It was an adjustment, for sure, both for staff and the players. Eventually you get into a rhythm and it wasn’t as difficult as anticipated,” said Mittleman. “You want to keep everyone safe and healthy first and foremost. Simultaneously you’re trying to make it through the fifteen game schedule trying to balance providing all the players with a positive experience while winning games.”

The team certainly, like any other sport, was brought upon challenges and obstacles that forced them out of their comfort zones. Regulations such as not meeting in classrooms before games, during halftime, or after games and not being able to meet before or after a practice for film study or strategy were adjustments. However, the team utilized the essence of Zoom more than any other sport. They were able to review film, scouting, and conduct team meetings at an easier and more convenient pace and manner, though the aspect of in-person meetings was missed. Zoom is one beneficiary that will certainly continue beyond COVID-19 for the basketball team.

Unfortunately, the team shared in the loss of time and practice due to COVID-19, much like many of the other sports.

“After our 7th practice, we had a positive test on the varsity team that, despite all of our efforts, put our team in a 2-week quarantine. It is a tribute to the flexibility of our players, their parents, and our athletic director, that we were able to reschedule missed games, and/or find new opponents and still get all 15 games in,” said Mittleman.

With that, the sport did not have fans. However, like most sports, all of our varsity games were streamed, so fans could watch the games from a computer, tablet, or phone. Towards the end of the season the state approved limited fans. For home games, Glen Rock approved two parents per player for home games; no away fans were permitted to attend games at the high school.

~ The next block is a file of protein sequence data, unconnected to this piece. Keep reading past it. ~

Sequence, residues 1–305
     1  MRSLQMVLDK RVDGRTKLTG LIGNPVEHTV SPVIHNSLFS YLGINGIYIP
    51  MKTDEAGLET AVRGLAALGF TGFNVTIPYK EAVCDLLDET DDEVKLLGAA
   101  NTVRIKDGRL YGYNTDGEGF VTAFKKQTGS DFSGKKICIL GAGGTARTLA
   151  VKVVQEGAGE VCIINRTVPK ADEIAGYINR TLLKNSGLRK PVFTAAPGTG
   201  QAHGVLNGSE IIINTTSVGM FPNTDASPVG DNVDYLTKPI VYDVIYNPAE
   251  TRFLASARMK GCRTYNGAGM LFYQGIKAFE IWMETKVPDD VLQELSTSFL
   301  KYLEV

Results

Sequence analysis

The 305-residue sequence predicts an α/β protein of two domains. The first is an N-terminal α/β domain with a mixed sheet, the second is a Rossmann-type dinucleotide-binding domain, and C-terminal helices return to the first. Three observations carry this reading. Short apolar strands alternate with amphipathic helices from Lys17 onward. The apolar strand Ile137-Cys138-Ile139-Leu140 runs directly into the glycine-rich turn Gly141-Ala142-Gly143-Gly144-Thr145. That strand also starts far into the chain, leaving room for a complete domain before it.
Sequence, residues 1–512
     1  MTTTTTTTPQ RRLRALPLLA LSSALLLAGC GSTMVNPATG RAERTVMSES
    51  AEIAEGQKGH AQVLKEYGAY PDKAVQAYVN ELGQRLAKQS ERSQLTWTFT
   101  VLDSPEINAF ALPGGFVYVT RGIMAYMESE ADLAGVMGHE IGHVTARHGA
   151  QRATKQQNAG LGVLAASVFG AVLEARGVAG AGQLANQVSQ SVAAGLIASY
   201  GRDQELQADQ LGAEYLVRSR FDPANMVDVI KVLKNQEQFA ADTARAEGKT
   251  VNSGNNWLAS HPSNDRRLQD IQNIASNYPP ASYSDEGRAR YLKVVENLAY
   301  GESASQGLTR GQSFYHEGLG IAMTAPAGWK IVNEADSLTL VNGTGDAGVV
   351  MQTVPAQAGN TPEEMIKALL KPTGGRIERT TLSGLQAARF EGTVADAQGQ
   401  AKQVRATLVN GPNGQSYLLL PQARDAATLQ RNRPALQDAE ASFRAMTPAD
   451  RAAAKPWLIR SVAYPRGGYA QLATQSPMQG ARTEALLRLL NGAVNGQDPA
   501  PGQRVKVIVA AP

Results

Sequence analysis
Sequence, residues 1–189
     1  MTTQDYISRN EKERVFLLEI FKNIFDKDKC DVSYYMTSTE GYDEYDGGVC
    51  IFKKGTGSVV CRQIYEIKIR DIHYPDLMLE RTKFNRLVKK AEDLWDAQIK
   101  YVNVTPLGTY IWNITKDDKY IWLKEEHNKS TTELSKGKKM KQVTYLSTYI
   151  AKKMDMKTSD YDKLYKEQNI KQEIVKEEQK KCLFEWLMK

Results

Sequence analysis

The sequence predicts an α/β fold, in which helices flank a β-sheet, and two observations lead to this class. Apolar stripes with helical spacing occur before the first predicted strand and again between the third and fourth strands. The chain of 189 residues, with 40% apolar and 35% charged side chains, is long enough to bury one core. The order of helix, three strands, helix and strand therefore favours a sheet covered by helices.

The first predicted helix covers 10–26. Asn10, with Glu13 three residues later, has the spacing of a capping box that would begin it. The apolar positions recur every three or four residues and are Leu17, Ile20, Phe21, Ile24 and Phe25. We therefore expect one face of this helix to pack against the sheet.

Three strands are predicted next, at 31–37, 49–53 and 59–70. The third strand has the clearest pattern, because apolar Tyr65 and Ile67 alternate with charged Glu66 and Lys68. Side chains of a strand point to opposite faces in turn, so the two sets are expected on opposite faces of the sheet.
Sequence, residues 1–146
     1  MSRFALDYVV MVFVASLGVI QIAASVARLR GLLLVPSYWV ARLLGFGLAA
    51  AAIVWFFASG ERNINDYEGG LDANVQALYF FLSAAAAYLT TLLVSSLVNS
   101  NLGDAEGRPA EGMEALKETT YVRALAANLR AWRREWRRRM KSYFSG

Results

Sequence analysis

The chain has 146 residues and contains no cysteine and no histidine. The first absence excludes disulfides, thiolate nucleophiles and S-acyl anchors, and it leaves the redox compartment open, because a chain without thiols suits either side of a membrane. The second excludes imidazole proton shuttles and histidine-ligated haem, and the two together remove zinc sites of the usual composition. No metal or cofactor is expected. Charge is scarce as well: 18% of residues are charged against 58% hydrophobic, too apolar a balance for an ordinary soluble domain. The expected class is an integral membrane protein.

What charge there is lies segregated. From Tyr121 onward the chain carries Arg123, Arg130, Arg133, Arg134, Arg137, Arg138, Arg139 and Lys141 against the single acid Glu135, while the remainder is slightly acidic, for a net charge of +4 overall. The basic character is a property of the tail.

The basketball team usually does things together as a program to build their culture and brotherhood. Summer workouts, followed by a get together at the coaches’ home when summer training concludes, JV and Varsity practicing together, players going out together to grab a bite after a game, players attending the games of program members from a different team , attending a local college game as a program are just a few of many things the team indulges in outside of the court. 

“All of those things are a big part of what we do,” said Mittleman. “It’s usually one big program, and this season was more like 3 separate teams.”

Despite the challenges, the team was able to rack up quite a record for the 2020 season. They managed to get in all fifteen varsity games, go undefeated in the division and eventually, win the division outright. Due to COVID-19 there were no state playoffs. But, they finished 13-2 overall, and 9-0 in the NJIC Division 1 and won the NJIC “Division 1.”

Overall, the basketball team, like most sports, had its fair share of challenges. Among the protocols, the team had to deal with practice space, time stressors, and maintaining a physically healthy team just as much as a psychologically. But they managed to overcome their adversities and come together at a time where the world was stressing everyone to stay apart.